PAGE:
All in all, If I Never Met You is a book I would definitely recommend to anyone looking for a fresh, hilarious take on contemporary fiction. What's even better is that once you have read it, and loved it, you've got even more Mhairi McFarlane novels to catch up on. I'm already counting down to her next book....
These are things that Mhairi McFarlane does brilliantly: she is able to create characters that you care about and root for throughout; she always has friendship at the core of her stories; she's funny; there's a deeper, meaningful layer woven into the plot, and she achieves this time and time again.
She is one of my all-time favourites.
A fantastic book that I’m very sad to have finished!
Having been left slightly disappointed with Don't You Forget About Me, I was delighted to find McFarlane back at her absolute best here. My only slight nag was that the first quarter of the book is more or else entirely dedicated to Laurie's heartbreak over Dan. Given they had been together for 18 years, I completely get the emotional trauma that Laurie must have been going through, and on the one hand, have to applaud McFarlane for not simply going in for the laughs but rather delving through Laurie's emotions sensitively. That being said a bit too much time was dedicated to Dan for me personally, and some of these chapters did get a bit dreary. All I'd say is if anyone starts off feeling the same, stick with it, as after the 25% mark or thereabouts the story takes off and lightens up, as the fake-dating gets underway and Laurie and Jamie's relationship takes centre-stage.
McFarlane writes great leading men, but I have to say that she's outdone herself with Jamie. What I really liked about him is that he isn't what he first seems, and like Laurie I enjoyed getting to know the real him. Whilst he gives off this impression of just being out for himself, he's actually quite sensitive, and there are reasons why he is the way he is. The section of the book where he and Laurie visit his parents in Lincoln, may have been my favourite part, just for the vulnerability that Jamie showed here. He's also completely adorable in the way he's clearly besotted with Laurie, even though she doesn't realise this (and given he may as well have had a sign on his forehead reading 'I'm in love with you,' I did at times feel bad for him that Laurie couldn't see past his reputation as a ladies' man).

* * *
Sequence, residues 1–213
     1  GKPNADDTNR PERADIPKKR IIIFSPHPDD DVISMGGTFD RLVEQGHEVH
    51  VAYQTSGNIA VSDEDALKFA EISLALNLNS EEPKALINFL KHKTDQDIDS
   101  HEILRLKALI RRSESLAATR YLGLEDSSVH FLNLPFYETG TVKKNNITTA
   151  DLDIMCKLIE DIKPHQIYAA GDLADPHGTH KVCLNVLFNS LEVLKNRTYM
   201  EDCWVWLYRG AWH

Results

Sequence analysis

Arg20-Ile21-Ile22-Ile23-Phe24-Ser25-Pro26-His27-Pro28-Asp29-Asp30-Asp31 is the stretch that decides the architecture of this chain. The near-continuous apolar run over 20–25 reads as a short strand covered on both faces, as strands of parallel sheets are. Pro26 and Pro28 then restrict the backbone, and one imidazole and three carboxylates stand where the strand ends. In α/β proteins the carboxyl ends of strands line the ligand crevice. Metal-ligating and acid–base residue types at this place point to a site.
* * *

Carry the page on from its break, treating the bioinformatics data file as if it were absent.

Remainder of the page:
The relationship between Laurie and Jamie is an absolute joy to read, with ups and downs and misunderstandings along the way, but what was great was how they supported each other and helped each other through some difficult times.
Laurie herself makes for a wonderful leading lady - she's smart and kind, and the type of person you'd want as your best friend. I like how she gains confidence in herself as the story develops. Again McFarlane does a good job of illustrating the compromises you sometimes end up making in relationships without even realising and what you settle for, and that is something Laurie only realises after her break up with Dan. I also liked the depiction of Laurie's complicated relationship with both her parents, and thought it contrasted well with Jamie's very settled home life - and there were some touching moments involving both their families actually.
I liked the friends in this one too, something I think I complained about with the last book. The dynamic in the friendship groups felt different to what had become a bit of a standardised formula in the last few books, with the strength of Emily and Laurie's friendship really shining through, and I also loved Jamie's best friend Hattie.
There's so much else I could talk about, as actually there's a fair amount of plot. I have to say I thought McFarlane did a great job with her depiction of the Law Firm where Laurie, Jamie and Dan all work, and the misogyny at play.
All in all this was a delight to escape into - warm, funny and romantic (possibly McFarlane's most romantic actually), with astute observations of our modern society. When it comes to ChickLit, McFarlane really is in a league of her own.